Latin America Reports

Argentina's Madersol scales up on growth

By Charles W. Thurston | December 3, 2009

Madersol looks to expand market share as Argentine economy shows signs of recovery.

Fledgling paint and coatings manufacturer Madersol S.A., which already claims to hold six percent of the Argentine architectural segment, plans to invest $4 million to quadruple its current 500,000 liters per month capacity. The investment includes the recent purchase of a plant that can produce two million liters per day, according to Mauricio Pugliese, director of Madersol. The acquired plant is the third largest in the country.

Sales by the company, operated by brothers Cristin and Mauricio Pugliese are projected to hit $22 million this year, buoyed by the recovering Argentine economy. Exports to Uruguay added to sales this year, and initial exports to Chile and Peru are expected to begin next year. The company hopes that exports can grow to reach 50% of all sales, which will offer protection against foreign exchange pressures, according to Pugliese.

Among leading brands that Madersol markets are: Polacrin, a premium architectural line; Acurel, a professional architectural line; Maderin, a wood finishes line; and Sintecrin for acrylic and other synthetic formulations. The company also markets adhesives and paint-related chemicals.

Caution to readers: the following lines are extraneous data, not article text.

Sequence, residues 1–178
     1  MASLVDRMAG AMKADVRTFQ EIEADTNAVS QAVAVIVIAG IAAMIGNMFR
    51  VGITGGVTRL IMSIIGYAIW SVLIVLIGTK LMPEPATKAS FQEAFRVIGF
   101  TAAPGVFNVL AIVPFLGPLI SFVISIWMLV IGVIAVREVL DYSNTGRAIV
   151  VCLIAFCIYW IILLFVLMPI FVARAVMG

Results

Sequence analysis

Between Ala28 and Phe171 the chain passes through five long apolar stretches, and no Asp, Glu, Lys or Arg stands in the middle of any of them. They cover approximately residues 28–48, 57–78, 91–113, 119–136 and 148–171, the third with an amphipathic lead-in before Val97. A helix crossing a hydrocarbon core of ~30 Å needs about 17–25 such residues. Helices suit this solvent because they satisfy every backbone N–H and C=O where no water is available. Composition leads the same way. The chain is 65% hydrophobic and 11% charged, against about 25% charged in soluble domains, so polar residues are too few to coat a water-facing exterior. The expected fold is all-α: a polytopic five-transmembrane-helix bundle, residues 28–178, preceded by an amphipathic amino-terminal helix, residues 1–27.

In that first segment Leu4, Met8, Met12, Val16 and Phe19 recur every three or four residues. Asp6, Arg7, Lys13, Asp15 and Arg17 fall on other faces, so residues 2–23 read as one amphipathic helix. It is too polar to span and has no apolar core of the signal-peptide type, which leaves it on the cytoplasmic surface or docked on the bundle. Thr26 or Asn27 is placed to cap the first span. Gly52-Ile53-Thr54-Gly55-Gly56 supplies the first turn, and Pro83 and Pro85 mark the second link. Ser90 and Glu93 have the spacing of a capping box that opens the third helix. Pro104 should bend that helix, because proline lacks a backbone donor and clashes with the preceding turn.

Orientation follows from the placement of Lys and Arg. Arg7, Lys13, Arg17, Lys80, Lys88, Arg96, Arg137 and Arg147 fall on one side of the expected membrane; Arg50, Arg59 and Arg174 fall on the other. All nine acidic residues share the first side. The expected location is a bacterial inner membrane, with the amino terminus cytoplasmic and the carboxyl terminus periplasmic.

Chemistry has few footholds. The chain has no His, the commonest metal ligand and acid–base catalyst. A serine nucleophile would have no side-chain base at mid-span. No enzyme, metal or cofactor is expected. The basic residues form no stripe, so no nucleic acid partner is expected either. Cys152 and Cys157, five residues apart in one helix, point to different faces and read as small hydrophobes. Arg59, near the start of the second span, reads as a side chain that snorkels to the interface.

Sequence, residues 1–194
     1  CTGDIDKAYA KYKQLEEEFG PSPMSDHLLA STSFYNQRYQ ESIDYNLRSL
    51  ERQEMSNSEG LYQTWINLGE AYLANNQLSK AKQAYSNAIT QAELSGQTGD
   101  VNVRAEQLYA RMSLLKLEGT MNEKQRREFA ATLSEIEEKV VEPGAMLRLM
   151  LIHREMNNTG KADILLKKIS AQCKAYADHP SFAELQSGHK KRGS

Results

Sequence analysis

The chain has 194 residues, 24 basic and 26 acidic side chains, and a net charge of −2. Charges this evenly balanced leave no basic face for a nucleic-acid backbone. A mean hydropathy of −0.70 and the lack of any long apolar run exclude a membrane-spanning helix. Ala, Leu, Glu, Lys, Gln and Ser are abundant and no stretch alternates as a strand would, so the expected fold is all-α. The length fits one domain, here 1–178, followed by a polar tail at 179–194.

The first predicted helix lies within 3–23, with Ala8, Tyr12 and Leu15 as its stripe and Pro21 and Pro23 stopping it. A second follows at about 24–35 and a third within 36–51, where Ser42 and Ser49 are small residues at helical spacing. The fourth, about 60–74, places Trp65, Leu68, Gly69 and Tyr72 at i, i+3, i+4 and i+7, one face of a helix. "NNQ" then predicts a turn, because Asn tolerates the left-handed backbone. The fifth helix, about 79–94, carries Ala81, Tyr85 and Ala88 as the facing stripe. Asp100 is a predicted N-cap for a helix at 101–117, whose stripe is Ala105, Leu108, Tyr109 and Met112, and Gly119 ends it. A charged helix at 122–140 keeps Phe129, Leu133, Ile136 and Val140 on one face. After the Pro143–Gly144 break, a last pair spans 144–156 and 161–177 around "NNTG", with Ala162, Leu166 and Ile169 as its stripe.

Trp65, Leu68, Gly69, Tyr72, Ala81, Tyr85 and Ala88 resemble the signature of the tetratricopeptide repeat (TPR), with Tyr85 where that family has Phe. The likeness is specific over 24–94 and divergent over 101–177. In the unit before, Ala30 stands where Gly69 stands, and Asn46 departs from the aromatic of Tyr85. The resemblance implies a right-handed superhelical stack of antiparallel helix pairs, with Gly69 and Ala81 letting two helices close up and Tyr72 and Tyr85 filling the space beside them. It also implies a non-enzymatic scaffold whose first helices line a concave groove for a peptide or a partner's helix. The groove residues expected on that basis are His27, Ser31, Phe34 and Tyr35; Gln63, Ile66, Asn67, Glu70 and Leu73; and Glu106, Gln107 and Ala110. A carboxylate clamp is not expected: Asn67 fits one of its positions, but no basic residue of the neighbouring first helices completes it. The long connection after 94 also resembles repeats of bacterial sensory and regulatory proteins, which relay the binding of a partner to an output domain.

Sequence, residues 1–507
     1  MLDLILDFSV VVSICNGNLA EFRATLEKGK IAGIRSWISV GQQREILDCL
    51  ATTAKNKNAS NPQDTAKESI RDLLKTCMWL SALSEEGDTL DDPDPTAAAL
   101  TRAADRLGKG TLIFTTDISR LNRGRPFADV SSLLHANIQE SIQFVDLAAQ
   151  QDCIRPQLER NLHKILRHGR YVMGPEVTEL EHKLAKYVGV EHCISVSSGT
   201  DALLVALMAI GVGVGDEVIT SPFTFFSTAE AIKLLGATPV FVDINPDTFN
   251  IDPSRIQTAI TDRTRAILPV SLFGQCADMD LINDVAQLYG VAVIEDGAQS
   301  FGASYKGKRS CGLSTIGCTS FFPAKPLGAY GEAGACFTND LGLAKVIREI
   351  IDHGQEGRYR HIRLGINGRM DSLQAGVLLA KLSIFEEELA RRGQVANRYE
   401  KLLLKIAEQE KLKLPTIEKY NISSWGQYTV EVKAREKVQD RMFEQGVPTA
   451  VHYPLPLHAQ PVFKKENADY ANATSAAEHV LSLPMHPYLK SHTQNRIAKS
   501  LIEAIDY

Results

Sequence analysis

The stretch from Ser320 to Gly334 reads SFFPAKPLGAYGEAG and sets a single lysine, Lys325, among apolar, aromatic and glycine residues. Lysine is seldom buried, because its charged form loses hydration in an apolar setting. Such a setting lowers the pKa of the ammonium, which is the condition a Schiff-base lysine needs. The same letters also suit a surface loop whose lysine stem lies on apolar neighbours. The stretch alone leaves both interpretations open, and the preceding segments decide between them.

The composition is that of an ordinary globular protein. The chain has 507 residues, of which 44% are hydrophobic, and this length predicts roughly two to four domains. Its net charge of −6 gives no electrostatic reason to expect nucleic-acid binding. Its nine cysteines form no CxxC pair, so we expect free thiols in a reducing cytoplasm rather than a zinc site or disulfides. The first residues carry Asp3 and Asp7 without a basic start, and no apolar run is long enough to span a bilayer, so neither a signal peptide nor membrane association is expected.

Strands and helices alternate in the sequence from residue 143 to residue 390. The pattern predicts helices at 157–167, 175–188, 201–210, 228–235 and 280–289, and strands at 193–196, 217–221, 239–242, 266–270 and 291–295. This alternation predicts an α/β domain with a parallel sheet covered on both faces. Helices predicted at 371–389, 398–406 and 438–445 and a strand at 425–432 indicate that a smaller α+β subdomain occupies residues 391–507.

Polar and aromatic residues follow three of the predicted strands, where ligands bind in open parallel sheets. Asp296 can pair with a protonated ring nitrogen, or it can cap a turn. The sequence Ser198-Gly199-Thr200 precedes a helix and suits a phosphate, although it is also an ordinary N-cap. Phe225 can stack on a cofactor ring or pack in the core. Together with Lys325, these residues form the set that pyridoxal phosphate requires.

Madersol hopes to move up from its rank as eighth largest in the architectural segment to compete with the largest players in the market over the next five years, Pugliese said.

Madersol relies heavily on advertising within entertainment venues, including soccer games and car racing. Maderin is one of the many lines carried by El Ferretero, the hardware retailer. Madersol also markets its products through direct Internet sales.

Growth opportunities in the Argentine paint and coatings market should rise in 2010 with expected economic expansion of 2.2%, compared with the contraction of 2.3% which has taken place this year, according to a consensus forecast by Latin Focus, which relies on projections by leading banks that follow the market.

One of the greatest limits to real growth in Argentina remains inflation, however, and the consensus for 2010 is an increase to 8.4% inflation from 6.6% this year. Pricing of products, costs of imported raw materials and foreign exchange variations with export markets will provide a challenge to Madersol. The dollar-peso exchange rate has moved to 4.0 pesos to one dollar from 4.2 pesos this year, according to Orland J. Ferreres & Associates.

While the Brazilian real has slid in value against the Argentine peso, the two countries are engaging in a foreign trade tiff. Argentina has restricted imports overall, and Argentine trucks have been blocked at the Brazilian border recently.

A restructuring of sovereign debt by the Argentine government now underway could help loosen the credit market for industrial borrowers in the country. The 2001 default by the Argentine government on $95 billion in bonds has frozen the country's ability to borrow abroad, in turn, limiting the potential for domestic lending.